sabi sabi ranger stories
leopard gets revenge
Our intention that morning was to go back to an area where we had heard lions calling the night before, to see if they had crossed into our property - well, that was the plan anyway...
Not long out of Bush Lodge, we spotted a hyena crossing the road in front of us. It crossed rather hurriedly and looked as if it was carrying something in its mouth. We followed up, and sure enough, it was a female spotted hyena carrying the remains of a bushbuck kill. The actions of the hyena told us that the kill had been stolen from another predator - in this case, more than likely a leopard. We understood why she was in such a hurry.
Knowing that the hyenas had a den on the property, we decided to keep following. It was evident by the fullness of her stomach that this female had already eaten her fill from the carcass. Carrying a half eaten bushbuck isn't all that easy, and she had to keep stopping to adjust her grip on the carcass, each time looking very nervously behind her for the predator who might be following the drag marks and scent being left behind. She was right to be nervous.
The hyena stopped to drink from a small pan, dropping the carcass in the water for protection. It is very unlikely that a cat would go into the water to fetch it. She had a drink, picked up the carcass again and as she got to the edge of the pan, dropped it and spun around, facing the direction she had just come from, looking as alert as ever and extremely nervous.
As we watched, a male leopard came bursting out of the surrounding bush, growling and intent on getting his kill back. The sound of the charge is something I never want to experience on foot, and I'm not surprised the hyena took the sensible choice and tucked tail and ran, as this is one of the biggest male leopards on our reserve. He searched frantically around the water for the carcass, located it, and with what seemed like lightning speed, snapped it up. True to my tracker's predictions, he went straight to the nearest Marula tree and hoisted himself and the kill out of reach of the hyena, which had come running back onto the scene.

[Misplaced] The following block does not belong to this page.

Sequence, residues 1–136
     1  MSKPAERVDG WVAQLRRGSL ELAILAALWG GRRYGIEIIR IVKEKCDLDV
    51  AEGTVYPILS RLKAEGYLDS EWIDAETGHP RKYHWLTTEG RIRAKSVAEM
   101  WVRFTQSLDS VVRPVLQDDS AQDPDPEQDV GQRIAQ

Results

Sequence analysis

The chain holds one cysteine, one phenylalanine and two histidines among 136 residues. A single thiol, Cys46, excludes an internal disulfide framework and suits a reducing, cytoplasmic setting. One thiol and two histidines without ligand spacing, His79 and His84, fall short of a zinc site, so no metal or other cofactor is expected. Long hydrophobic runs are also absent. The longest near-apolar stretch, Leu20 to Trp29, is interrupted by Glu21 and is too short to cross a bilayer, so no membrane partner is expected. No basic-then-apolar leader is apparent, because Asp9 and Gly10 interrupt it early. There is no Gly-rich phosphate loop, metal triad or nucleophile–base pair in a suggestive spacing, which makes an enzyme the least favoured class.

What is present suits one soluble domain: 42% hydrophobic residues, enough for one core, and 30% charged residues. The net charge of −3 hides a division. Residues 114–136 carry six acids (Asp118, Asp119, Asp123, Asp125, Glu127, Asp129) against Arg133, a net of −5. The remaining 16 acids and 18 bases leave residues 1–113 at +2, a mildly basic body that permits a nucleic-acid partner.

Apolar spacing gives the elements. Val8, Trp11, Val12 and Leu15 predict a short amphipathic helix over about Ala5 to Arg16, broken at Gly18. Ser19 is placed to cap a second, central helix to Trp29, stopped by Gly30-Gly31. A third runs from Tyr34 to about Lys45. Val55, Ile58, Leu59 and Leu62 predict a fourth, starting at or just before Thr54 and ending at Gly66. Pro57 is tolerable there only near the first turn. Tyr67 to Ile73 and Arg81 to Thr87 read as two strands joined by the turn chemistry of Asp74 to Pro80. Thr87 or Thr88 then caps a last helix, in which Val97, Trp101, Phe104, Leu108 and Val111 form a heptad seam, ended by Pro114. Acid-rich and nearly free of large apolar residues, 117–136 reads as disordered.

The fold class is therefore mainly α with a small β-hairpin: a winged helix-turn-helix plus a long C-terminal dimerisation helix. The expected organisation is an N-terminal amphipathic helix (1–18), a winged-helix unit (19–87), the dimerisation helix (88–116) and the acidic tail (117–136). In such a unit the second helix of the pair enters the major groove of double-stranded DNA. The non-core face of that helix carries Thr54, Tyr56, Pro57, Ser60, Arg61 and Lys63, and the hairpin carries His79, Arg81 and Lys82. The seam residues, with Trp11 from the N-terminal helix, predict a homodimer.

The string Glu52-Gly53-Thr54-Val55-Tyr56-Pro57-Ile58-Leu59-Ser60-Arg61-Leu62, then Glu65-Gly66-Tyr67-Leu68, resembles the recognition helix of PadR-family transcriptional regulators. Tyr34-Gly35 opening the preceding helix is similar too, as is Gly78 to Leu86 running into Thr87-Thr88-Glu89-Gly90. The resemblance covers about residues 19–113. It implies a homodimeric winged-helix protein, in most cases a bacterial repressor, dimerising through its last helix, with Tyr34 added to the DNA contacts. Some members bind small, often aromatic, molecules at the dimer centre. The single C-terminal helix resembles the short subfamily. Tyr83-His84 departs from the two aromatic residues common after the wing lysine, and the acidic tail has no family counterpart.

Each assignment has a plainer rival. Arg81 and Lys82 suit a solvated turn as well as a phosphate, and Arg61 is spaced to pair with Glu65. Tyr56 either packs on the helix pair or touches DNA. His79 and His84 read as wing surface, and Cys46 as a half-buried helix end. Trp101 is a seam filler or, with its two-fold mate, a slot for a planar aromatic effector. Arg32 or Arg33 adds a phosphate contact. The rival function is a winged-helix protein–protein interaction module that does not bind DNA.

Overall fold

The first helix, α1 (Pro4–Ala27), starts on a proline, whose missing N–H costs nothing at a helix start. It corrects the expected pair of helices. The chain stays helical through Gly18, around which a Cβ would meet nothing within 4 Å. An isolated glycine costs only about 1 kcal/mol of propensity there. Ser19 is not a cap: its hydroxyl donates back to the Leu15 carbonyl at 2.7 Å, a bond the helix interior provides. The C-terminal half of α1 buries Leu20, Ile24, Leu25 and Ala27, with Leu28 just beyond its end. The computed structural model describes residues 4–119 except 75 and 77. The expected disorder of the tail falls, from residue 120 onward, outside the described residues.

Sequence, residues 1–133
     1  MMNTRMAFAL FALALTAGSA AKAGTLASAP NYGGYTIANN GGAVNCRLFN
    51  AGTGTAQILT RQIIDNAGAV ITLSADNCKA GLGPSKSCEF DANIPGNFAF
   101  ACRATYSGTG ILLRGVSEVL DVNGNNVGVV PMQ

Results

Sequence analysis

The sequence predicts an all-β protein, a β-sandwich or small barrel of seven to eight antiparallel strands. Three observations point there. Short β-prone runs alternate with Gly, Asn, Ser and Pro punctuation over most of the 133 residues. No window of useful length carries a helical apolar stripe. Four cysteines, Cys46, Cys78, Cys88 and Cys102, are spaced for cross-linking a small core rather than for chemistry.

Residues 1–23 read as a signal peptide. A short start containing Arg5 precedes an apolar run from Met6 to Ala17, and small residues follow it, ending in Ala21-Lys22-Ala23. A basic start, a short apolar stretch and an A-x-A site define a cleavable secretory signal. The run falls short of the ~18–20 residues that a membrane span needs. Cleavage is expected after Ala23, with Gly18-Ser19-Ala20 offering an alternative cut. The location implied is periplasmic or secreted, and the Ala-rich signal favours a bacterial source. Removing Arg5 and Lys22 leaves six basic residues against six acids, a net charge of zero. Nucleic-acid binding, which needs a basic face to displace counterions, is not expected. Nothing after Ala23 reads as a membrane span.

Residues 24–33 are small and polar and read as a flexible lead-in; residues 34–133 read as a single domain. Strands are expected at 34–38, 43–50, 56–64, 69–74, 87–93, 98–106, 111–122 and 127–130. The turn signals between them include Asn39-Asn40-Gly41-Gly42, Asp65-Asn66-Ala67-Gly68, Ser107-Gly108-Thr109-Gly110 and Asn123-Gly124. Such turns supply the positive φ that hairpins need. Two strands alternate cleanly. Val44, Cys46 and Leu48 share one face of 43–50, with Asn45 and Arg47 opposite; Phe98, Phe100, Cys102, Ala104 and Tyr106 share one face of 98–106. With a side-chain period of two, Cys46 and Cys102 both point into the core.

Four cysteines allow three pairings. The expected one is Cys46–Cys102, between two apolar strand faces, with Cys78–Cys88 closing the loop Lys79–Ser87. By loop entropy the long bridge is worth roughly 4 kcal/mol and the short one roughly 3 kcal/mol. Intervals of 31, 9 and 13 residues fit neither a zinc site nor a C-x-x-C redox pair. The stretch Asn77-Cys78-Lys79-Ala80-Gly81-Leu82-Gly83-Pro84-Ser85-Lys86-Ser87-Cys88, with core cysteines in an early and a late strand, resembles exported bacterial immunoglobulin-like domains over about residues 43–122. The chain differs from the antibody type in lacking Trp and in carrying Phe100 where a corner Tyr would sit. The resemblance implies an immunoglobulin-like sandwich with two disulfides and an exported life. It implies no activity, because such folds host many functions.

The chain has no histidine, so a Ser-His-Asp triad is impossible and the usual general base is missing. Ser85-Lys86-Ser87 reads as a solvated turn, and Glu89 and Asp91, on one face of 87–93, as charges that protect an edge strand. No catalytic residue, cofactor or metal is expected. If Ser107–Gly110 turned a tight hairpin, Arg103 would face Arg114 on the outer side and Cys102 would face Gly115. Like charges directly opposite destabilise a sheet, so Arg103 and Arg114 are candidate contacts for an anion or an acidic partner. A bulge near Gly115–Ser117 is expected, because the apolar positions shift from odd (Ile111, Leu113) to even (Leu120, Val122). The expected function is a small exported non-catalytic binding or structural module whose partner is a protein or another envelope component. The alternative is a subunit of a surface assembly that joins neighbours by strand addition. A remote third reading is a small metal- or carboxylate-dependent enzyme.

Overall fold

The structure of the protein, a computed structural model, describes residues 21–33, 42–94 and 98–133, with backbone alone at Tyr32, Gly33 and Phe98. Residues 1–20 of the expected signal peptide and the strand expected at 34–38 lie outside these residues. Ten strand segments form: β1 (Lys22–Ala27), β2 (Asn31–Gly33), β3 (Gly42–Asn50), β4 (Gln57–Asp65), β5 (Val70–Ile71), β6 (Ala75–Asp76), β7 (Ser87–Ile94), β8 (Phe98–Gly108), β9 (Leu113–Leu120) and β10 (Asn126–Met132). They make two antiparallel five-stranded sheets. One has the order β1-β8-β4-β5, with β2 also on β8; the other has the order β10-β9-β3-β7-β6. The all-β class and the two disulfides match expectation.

The power and strength of the leopard was awesome. It was up in the tree in no time. By the time we had moved around for a better angle, the hyena was back and the leopard had positioned the kill securely. He stood proud in the tree over his kill catching his breath and surveying the surrounding bush for any other possible intruders. Once satisfied he settled in to eat what remained of his bushbuck.
After a short while another twist unfolded. A young female leopard had obviously also come across the drag marks and followed them. She sheepishly approached the area, going first to the pan of water, sniffing around and then made her way over towards the tree. We thought we were in for a tussle between the two leopards, but the male appeared too engrossed in eating and only gave a few warning growls. The female took up position under the tree and in a way begged for some food. All she was going to get were scraps that would fall as the male ate - definitely not enough to satisfy her hunger. The male had now eaten most of the kill and the remains could no longer be secured in the tree, so he brought the little that was left down to finish on the floor under a nearby thicket of vegetation. The female went up the tree to see what scraps had been left there, but after seeing there wasn't much, she came down and went to drink some water from the pan.
The leopard, triumphant on this occasion and with a satisfied hunger, lay in the shade of the thicket to sleep the day away, recovering his energy levels to be ready for another night of hunting.